THE DEDICATION of the church is
ascribed to St. Mary the Virgin, however, a church with such an old
foundation as this one may well have been dedicated to a Saint of
the British Church, especially as Brattonne or Bracton was in the
region of the British Church. For example the church in nearby
Bridestowe is dedicated to St Bridget.
Thesaurus Ecclesiaticus’ of 1782 records that during the
reign of Edward III (1327 - 1377), Thomas de Somerton held Brattonne,
Combe, Gonaescott and Bratton St. Mary, the latter may have been
where the church stands, hence the name of St Mary the Virgin
without an actual dedication.
THE DOORSTEP is probably the oldest
part of the church, it is an old menhim or memorial stone.
Originally the menhim would have stood erect; it has Roman
characters at one end. Normally these stones are much longer; this
one has been broken and may have been associated with the ancient
If an OLD CHURCH existed it was probably sited some 25 feet to the
south of the porch where there is a mound in the churchyard. Graves
have prevented further investigation.
THE NORMAN PERIOD - The history of the church can be seen in
the architecture. The bases of the columns are believed to be the
remains of a Norman Church, cut away and squared to support the
clustered columns. The unfinished levelling of the base at the north
west end of the arcade supports this view. It may have been the
intention to make the top of the square bases the floor level. Note
the difference in height between the north door (now blocked) and
the south door serving the present lower floor level of the original
chancel floor. The new floor level idea was probably dropped when
the plans to build a cruciform church were abandoned.
THE FONT AND THE TOWER both belong to a
Norman church, authorities vary in the dating of the tower, one says
it is Early English, another that it is wholly Norman. The latter is
more likely as there is a very strong Saxon influence in the tower
finish and the unique bases.
The font is Norman, made of Tintagel stone, square with masks at the
corners ornamented at each side with a sun enclosed in a circle
around which two dragons are clasped, their heads meeting at the
top. (A replica of the font may be seen at Jacobstowe in Cornwall).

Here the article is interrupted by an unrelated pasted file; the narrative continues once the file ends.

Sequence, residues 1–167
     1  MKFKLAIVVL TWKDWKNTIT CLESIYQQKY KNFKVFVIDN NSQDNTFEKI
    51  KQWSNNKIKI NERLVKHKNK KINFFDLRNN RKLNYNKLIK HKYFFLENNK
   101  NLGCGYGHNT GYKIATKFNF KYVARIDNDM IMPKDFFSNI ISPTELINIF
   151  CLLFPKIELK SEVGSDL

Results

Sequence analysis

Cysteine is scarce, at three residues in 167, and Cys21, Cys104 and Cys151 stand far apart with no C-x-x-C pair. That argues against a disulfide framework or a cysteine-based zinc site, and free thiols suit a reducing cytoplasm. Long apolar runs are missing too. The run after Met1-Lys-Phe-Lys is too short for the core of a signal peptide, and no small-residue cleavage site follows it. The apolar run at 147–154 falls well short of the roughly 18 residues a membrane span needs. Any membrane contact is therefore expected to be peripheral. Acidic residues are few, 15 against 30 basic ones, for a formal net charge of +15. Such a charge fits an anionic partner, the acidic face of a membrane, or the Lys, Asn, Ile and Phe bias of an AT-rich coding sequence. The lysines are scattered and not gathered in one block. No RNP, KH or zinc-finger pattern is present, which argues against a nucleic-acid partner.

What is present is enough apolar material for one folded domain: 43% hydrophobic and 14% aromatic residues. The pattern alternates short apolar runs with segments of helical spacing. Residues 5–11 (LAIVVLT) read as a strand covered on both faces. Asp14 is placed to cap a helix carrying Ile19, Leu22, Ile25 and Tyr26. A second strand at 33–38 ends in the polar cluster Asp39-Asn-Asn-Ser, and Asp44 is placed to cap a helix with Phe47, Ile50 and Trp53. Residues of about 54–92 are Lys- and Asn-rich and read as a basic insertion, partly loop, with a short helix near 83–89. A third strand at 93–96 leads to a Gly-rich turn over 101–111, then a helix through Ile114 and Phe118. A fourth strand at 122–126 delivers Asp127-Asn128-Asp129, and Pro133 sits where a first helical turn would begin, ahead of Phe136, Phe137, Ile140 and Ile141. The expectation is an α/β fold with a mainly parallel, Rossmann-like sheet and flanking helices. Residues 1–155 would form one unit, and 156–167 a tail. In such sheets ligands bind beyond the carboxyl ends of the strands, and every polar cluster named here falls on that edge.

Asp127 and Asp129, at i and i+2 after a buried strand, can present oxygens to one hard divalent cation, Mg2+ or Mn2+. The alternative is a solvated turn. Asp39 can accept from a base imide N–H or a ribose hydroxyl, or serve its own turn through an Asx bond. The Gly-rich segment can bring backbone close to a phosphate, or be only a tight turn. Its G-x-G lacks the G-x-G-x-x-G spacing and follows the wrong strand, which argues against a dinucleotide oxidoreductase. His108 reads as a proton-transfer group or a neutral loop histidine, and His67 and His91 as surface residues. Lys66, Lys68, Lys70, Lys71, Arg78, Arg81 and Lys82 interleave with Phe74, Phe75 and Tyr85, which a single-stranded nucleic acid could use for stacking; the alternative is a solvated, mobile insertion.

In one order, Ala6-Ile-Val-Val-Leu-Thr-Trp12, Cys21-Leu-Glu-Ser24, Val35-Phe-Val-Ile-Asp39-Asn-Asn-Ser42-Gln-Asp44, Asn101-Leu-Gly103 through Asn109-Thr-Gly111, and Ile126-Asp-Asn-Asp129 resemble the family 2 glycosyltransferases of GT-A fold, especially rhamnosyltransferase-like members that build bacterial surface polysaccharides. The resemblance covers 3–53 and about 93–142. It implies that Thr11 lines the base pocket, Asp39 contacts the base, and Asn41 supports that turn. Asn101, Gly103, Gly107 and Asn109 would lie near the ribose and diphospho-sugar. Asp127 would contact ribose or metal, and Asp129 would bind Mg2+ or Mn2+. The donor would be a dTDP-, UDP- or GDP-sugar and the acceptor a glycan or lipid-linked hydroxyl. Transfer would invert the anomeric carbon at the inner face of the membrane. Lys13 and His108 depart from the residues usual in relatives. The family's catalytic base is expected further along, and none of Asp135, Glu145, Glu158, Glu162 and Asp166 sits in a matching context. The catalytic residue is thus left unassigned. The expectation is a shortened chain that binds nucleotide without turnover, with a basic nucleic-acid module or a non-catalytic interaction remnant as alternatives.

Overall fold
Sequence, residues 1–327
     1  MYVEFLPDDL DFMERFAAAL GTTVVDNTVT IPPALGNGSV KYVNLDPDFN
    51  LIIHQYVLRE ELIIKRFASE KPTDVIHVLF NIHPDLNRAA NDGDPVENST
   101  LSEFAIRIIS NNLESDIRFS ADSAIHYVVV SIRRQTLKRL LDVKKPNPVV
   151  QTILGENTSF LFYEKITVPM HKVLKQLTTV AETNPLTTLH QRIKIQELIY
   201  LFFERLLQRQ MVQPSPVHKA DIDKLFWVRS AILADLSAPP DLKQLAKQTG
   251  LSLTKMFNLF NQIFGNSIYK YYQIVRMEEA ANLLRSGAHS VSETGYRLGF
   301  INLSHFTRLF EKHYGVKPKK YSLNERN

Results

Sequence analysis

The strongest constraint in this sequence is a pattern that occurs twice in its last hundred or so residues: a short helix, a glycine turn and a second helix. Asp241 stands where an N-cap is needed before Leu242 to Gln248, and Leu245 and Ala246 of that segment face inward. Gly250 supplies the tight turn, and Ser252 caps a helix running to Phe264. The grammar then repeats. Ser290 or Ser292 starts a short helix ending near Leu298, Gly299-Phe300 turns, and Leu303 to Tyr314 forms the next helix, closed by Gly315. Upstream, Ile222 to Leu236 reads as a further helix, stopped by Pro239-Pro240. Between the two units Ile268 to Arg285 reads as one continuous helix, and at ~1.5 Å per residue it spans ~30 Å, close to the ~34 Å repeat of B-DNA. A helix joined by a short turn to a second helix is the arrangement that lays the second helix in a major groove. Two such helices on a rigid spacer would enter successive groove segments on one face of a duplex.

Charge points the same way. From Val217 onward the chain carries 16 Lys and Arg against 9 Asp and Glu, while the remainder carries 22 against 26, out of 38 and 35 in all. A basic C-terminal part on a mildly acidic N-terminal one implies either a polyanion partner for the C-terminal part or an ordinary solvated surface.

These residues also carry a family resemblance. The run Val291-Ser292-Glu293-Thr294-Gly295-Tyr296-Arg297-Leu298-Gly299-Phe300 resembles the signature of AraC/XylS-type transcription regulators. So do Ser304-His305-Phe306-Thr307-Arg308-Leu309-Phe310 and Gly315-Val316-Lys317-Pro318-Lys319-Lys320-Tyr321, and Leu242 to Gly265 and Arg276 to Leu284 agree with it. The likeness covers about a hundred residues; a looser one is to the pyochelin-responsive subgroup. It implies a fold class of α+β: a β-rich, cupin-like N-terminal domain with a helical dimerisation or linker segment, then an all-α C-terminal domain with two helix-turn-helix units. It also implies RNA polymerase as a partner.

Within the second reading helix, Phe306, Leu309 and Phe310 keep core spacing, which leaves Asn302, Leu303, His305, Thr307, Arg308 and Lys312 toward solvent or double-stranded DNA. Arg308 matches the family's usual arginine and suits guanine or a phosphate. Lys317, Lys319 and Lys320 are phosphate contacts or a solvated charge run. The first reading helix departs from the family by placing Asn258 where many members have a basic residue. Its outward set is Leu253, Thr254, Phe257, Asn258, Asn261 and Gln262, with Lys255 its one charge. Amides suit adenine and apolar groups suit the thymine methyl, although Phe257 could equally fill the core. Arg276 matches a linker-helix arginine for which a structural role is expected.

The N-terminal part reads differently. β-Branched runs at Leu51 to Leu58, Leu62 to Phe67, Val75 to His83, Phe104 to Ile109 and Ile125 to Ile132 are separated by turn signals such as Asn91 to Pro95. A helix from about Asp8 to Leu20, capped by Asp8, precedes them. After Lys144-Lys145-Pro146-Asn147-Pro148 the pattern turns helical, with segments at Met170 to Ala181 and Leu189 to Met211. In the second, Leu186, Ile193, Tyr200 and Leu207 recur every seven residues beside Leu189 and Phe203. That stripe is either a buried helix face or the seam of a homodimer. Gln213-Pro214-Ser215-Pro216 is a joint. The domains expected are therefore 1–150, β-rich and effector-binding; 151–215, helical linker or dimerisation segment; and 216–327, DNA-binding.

There is one suggestion that the stone to make the font came from
Normandy - France. Further evidence of the Norman church may be seen
in the masks at the apexes of the windows on the north side both
inside and outside. The question has been posed: “were these saved
from the Norman church or are they 15th Century folk art?
CHANCEL & VESTRY note the lancet
windows. The chancel, vestry and possibly the north aisle are Early
English (1189 – 1272), these may have been added while the Norman
building was intact, and the vestry used as a chapel.
THE NAVE AND THE THEORY OF A LARGE CRUCIFORM
In the 14th Century the patronage of the church was in the hands of
Plympton Priory and probably in a state of poor repair. In 1335 the
patronage passed to the great builder of churches, Bishop Grandisson
of Exeter. It is probable that a large cruciform church was planned,
the present nave, with one more bay to form a choir and a
corresponding nave to the west of the tower. On the north side of
the tower it is possible to see an arch now built in.
The existence of
these three arches has led historians to believe that a fourth arch
with the appropriate wing was in the design, also note the make
shift buttresses at the face of the tower and the absence of a west
door. The Newel Turret at the southwest corner is also thought to
have been a part of that same plan, necessary for access to reach
the upper part of the tower. (Stairways like these give great
strength to large structures.)
The great plan was
never carried out and we are left with the beautiful church of today
with its original chancel. It may seem strange to have planned such